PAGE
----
I'm trying to figure out whether load and store operations on primitive types are atomics when we load/store from shared memory in CUDA.

On the one hand, it seems that any load/store is compiled to the PTX instruction ld.weak.shared.cta which does not enforce atomicity. But on the other hand, it is said in the manual that loads are serialized (

However, if multiple addresses of a memory request map to the same memory bank, the accesses are serialized

which hints to load/store atomicity "per-default" in shared memory. Thus, would the instructions ld.weak.shared.cta and ld.relaxed.shared.cta have the same effect? Or is it an information the compiler needs anyway to avoid optimizing away load and store?

More generally, supposing variables are properly aligned, would __shared__ int and __shared__ cuda::atomic<int, cuda::thread_scope_block> provide the same guarantees (when considering only load and store operations)?

Bonus (relevant) question: with a primitive data type properly aligned, stored in global memory, accessed by threads from a single block, are __device__ int and __device__ cuda::atomic<int, cuda::thread_scope_block> equivalent in term of atomicity of load/store operations?

Thanks for any insight.

  • I don't have a complete answer but note that a non-atomic access allows compiler optimizations that will definitely change behavior, e.g. reordering, removing redundant loads, etc. So a fairer comparison would be with __shared__ volatile int.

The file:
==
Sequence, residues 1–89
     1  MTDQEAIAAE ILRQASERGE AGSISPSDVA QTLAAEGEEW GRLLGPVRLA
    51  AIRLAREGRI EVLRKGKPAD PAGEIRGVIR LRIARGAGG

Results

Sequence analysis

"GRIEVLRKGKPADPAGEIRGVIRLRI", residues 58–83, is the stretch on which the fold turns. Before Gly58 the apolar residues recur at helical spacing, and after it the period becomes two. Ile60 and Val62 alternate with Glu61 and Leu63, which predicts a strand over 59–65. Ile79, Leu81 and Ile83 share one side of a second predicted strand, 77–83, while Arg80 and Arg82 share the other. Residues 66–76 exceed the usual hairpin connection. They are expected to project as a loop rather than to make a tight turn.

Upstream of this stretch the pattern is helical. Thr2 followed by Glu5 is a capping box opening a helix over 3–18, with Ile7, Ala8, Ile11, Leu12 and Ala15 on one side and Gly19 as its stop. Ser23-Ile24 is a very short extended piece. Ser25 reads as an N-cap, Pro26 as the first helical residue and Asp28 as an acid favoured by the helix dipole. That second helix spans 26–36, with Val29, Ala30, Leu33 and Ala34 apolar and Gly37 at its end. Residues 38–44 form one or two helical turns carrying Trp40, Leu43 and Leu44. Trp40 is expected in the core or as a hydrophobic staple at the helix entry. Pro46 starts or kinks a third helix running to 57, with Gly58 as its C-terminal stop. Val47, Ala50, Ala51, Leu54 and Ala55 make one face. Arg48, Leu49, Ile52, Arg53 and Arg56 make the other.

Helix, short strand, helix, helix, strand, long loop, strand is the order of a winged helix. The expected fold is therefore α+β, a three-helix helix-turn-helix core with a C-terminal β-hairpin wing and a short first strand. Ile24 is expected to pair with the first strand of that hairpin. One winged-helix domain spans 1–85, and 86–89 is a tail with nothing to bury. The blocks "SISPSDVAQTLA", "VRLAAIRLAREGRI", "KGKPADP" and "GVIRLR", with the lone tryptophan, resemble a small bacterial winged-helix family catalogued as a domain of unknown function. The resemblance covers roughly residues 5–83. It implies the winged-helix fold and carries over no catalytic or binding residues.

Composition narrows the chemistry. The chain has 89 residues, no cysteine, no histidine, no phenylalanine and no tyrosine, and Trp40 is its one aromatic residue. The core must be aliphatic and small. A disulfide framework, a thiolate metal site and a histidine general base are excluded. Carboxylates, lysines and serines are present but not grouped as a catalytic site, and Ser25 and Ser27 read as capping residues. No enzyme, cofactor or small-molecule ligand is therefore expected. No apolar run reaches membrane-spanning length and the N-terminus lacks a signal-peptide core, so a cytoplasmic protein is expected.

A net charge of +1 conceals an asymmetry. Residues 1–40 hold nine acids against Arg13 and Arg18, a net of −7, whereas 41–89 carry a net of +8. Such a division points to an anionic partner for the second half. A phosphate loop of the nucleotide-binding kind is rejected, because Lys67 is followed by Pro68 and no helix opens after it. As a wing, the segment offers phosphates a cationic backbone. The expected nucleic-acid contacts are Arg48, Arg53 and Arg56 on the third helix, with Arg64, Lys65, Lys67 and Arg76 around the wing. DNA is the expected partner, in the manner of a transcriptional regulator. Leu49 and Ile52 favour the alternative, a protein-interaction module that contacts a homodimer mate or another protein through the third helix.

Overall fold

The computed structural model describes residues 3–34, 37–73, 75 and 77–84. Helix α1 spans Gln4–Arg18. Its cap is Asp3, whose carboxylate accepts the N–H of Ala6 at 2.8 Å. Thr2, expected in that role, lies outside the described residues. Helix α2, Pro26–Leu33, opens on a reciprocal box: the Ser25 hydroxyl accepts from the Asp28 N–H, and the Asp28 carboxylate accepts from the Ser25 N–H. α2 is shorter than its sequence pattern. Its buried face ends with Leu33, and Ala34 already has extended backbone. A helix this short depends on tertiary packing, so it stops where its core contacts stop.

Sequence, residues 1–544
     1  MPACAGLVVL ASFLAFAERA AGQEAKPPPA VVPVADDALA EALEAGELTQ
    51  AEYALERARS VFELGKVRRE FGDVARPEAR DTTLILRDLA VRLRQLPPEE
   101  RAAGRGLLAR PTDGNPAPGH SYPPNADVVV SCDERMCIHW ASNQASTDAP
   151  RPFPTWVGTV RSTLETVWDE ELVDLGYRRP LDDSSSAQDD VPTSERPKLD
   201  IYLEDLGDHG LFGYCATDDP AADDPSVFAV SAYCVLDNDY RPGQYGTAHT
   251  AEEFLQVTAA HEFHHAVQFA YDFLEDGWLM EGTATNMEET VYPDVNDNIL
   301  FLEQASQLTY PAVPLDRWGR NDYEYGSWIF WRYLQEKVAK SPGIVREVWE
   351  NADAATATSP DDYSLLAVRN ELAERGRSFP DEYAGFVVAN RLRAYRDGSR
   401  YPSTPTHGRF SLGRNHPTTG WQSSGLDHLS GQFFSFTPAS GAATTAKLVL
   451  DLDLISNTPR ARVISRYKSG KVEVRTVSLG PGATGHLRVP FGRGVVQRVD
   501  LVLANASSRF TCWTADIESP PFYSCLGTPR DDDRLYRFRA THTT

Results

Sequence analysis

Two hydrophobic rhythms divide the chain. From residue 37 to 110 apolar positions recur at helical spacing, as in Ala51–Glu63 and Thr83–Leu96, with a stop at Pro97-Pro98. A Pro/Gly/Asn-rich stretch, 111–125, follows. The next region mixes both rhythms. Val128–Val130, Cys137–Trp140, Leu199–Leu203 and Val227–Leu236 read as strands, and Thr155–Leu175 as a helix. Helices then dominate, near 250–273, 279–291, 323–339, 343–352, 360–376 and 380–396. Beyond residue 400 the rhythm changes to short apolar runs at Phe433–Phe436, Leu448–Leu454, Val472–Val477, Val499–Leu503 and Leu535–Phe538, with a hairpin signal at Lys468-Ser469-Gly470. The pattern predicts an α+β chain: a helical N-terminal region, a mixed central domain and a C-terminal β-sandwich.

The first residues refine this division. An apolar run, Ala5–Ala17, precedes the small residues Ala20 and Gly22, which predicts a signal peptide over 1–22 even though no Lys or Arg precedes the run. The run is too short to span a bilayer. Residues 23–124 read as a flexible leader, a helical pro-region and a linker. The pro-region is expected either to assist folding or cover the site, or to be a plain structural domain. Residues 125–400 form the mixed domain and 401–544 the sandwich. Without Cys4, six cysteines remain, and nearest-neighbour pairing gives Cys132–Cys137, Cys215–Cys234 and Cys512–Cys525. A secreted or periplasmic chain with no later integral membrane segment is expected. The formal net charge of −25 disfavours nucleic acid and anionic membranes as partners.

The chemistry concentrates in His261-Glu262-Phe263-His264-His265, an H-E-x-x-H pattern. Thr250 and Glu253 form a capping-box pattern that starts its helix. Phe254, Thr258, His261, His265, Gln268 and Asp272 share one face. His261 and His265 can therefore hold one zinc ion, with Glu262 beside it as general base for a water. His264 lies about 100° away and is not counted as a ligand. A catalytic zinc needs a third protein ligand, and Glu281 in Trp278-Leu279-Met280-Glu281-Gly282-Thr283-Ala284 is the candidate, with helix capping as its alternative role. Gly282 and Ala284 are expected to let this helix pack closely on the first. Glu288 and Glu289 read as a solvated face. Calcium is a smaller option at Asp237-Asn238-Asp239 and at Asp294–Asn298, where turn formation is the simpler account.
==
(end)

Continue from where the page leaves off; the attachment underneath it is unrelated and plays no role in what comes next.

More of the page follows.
– Homer512
    Jun 11 at 11:58
  • Loads and stores being serialized doesn't mean atomicity. E.g. two threads load the same value from one address, both add one to it and both write back. Even with all the accesses being serialized, this is still a race condition and resulting in +1 instead of +2.
    – paleonix
    Jun 11 at 18:06
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    So no you wont get atomicity without requesting it explicitly in any of these cases I would say.
    – paleonix
    Jun 11 at 18:09
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    Thanks but, actually, I mean load and store atomicity, not an atomicAdd. Let's suppose I'd be happy to get 1 as a result if load and store are atomic, and I avoid torn reads and writes (for instance).
    – Pierre T.
    Jun 12 at 13:07
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    Hm, okay than I just want to say that all the stuff about shared memory conflicts is normally in terms of a single warp, so I'm not sure if one can interpret anything about accesses from different warps in the same block from that line.
    – paleonix
    Jun 12 at 22:09


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